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Jaime Zucker Headshot

Revolving Door

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Recently, a colleague of mine at the New Orleans Public Defenders turned to me and said, "You know, the longer I work here, the more I start to believe in corporeal punishment."

The comment was intended as a joke -- a sarcastic jab made by an overworked 20-something who was sick of seeing a stream of clients that he worked so hard to defend spend their lives going through the revolving door of the New Orleans prison system. I certainly wrote off the comment at first, but as I continued working for the defenders, I began to wonder. Not whether public whippings are a better option than jails, but whether incarceration is the best solution for dealing with those who break the law.

Imprisonment, in its various forms, has been a constant feature of society. Physical and social ostracism have long been used as punishment and prevention and have proven to be important factors in the maintenance of a civilized society. But as I sit in the sweltering heat of a poorly-ventilated meeting room, facing a man who cannot even wipe the sweat from his forehead with his hands cuffed and chained to his waist, I wonder if this is really going to make New Orleans a safer place.

According to an article by Time written in May 2006, in the years before Hurricane Katrina, the murder rate in New Orleans was 10 times the national average. When the hurricane hit, the city underwent massive population shifts, which led to fluctuations in the crime rate that have yet to stabilize. One thing that has remained consistent, however, is that the crime rate in New Orleans with respect to both violent and property crime is astronomically higher than the national average. The jails are filling, the accused are spending more and more time languishing in prison awaiting trial, and the city seems to think shoving everyone in underfunded jails for a few years is the answer.

In my time at the public defenders, I have had the chance to visit a handful of the many prisons in Orleans Parish. HOD, the House of Detention, was the first one I visited. A short walk from the courthouse, my fellow interns and I were warned that this prison is notorious for long waits to speak with clients and its lack of air conditioning. The rules are strict in HOD, like most of the prisons in the area -- closed-toed shoes, pants, covered shoulders. No exceptions, even in the summer. But the discomfort I experienced was short-lived and rather pathetic compared to the conditions that my clients lived in for years at a time. No inmates are currently incarcerated at HOD, so the prison is used as a meeting place for the inmates and their attorneys, investigators, and family members. The inmates are brought over to HOD from Tents. Tent City was the most shocking thing that I have encountered in New Orleans. In order to accommodate the high number of incarcerated individuals in Orleans Parish, the city acquired massive, army-issued tents where nearly 400 inmates serve time. Tent City can be seen from the highway, looking like an eerie cross between a circus and army barracks. The U.S. Department of Justice once reported that the conditions at the Orleans Parish Prison (OPP), a large prison connected to the courthouse, "violate the constitutional rights of inmates" with respect to inmate safety and mental care. The report was filed in 2009, and it seems little has changed since then. Prisoners that I have spoken with talk about being denied medication for months at a time and about being attacked by other inmates. Juvenile inmates have told me that there is virtually nothing to do, so they just try to spend most of the day sleeping to pass the time.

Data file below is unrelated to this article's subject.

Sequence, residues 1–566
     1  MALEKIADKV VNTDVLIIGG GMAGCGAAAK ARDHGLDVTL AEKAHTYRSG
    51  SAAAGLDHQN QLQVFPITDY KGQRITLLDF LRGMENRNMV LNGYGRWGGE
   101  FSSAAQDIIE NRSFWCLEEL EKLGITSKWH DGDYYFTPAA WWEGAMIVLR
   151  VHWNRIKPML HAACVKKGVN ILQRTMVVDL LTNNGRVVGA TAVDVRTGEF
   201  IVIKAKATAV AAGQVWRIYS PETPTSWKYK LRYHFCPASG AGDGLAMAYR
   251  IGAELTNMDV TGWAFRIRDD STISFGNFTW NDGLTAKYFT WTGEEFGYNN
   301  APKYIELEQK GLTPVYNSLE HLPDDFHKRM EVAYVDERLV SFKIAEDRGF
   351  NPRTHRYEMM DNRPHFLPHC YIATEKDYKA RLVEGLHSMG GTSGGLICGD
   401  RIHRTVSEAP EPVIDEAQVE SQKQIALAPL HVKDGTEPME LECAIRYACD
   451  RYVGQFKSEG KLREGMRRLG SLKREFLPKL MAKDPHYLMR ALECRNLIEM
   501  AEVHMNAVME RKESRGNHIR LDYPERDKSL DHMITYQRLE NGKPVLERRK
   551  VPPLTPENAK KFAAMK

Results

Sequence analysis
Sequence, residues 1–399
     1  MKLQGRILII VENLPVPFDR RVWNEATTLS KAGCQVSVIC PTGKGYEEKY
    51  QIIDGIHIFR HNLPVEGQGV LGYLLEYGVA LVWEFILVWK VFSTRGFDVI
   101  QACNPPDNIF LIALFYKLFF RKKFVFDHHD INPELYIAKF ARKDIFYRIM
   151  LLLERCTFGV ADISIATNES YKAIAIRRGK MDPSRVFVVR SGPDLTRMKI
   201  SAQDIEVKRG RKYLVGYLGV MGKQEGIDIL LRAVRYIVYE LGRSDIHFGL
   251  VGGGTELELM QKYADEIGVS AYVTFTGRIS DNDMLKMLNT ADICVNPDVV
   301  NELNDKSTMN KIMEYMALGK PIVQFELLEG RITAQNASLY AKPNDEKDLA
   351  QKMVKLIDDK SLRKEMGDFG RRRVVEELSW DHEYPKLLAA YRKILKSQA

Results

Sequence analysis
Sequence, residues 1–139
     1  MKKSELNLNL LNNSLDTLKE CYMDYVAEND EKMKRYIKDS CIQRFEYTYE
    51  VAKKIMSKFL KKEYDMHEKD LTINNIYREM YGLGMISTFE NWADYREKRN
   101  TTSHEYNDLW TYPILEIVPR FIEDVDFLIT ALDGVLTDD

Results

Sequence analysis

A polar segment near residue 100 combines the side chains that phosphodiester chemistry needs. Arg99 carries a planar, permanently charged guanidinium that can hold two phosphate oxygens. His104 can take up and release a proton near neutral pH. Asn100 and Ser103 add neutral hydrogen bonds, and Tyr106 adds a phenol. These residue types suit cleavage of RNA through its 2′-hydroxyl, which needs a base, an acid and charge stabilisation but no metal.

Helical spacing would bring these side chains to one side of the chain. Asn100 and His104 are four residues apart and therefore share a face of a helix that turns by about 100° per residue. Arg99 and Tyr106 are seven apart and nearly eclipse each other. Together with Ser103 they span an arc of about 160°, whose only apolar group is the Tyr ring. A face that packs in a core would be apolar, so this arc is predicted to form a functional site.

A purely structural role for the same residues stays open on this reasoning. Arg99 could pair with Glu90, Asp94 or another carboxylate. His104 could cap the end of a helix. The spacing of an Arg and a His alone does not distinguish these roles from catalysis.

As I trek from prison to prison, I listen to the inmates talk about how they will never be able to get a job once they are released because they have a felony on their record and the prison lacks the funding for proper GED services, how they are denied medication and psychiatric treatment while incarcerated, and how the city calls this rehabilitation. I can't help but wonder if flogging might be kinder.

Sheriff Marlin Gusman's new prison will hold 1,438 new beds, according to the Times-Picayune. That's 1,438 men and women that will spend years of their lives locked away from the rest of the world, unable to seek adequate drug and alcohol counseling, unable to receive proper psychiatric treatment, unable to earn an good education or learn a skill that will give them a chance at economic success if released, unable to watch their children grow up. The punishment part, I get. New Orleans prisons are hell. But prisons are intended to do more than isolate and punish; they are also supposed to rehabilitate offenders so that upon their release, former inmates are no longer tempted to break the law. Looking at rates of recidivism, especially with regard to violent crime, this seems to be the missing piece of the puzzle. OPP, HOD, Tents; these are revolving doors that many men and women in Orleans Parish spend their lives walking through, wasting years oppressed by the heat and the violence. It just doesn't seem like these prisons work.

And perhaps the most frustrating thing about this is that I can't think of a single better idea.

Disclaimer: The views expressed by this author are not those of the Orleans Public Defenders or Washington University in St. Louis; they are those of the author alone.